The paradox of the biopic is that the need to give fictional characters the kind of messy, defining behavior that makes them ring true—makes them, in the vocabulary of development, “relatable”—is usually overlooked when an actual life is condensed into drama. Though rare exceptions exist (Mike Leigh’s Topsy-Turvy, Maurice Pialat’s Van Gogh), for the most part, historical characters arrive on-screen courtesy of back-story flashbacks, clumsily referenced motivating smoking guns, and dollops of dialogue plumped with historical context.
This truth about dramatized screen bios has, alas, generally extended to the movie life of Christ. Most film versions of the Gospels give us a connect-the-dots series of nuance-free incidents, inevitably leading to the foregone conclusion of crucifixion, resurrection, and the advent of Christianity, as if Christ’s life were a formulaic triumph over formative trauma, a road of trials leading to fame and fortune just like Johnny Cash’s or Mark Zuckerberg’s. It seems that what we know about the events of Christ’s history is far easier to depict than a believable character who embodies the enigmatic behavior, contradictory choices, and reversals of judgment also described in the Gospels.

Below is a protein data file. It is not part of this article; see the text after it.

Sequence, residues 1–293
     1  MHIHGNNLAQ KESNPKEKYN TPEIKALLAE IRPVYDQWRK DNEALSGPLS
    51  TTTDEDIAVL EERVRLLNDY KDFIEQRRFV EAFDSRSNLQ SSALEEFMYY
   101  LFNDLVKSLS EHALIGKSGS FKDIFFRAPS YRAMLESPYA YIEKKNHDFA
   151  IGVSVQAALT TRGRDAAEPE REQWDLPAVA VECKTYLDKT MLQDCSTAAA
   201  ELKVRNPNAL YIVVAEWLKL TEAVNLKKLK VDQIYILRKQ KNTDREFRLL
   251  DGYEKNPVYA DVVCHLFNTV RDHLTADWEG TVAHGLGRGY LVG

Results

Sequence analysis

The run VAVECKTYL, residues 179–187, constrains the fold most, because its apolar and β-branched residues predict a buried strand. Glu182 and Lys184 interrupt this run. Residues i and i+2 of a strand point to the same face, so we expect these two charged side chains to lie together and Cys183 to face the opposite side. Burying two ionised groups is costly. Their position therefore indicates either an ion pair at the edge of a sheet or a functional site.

In my youth, the idea that Jesus was supposed to mean something to me personally, to have some relevance to my everyday life, was part of my environment—impressed upon me by my parents and my compulsory religious education via Catholic “Wednesday school,” as well as by popular culture. But those lessons didn’t clue me in as to how I was supposed to draw this personal bead on him. And the movies, so useful in other respects, were no help in figuring out what personally drove Jesus to Calvary and beyond, what ground we might share, or how best to follow in his footsteps. Jeffrey Hunter’sportrayal of Christ as android in Nicholas Ray’s King of Kings, sleepwalking Messiah Max von Sydow in George Stevens’s The Greatest Story Ever Told, and Robert Powell lying down like a human doormat at the threshold of the Christian age in Franco Zeffirelli’s Jesus of Nazareth , allleft me in the dark.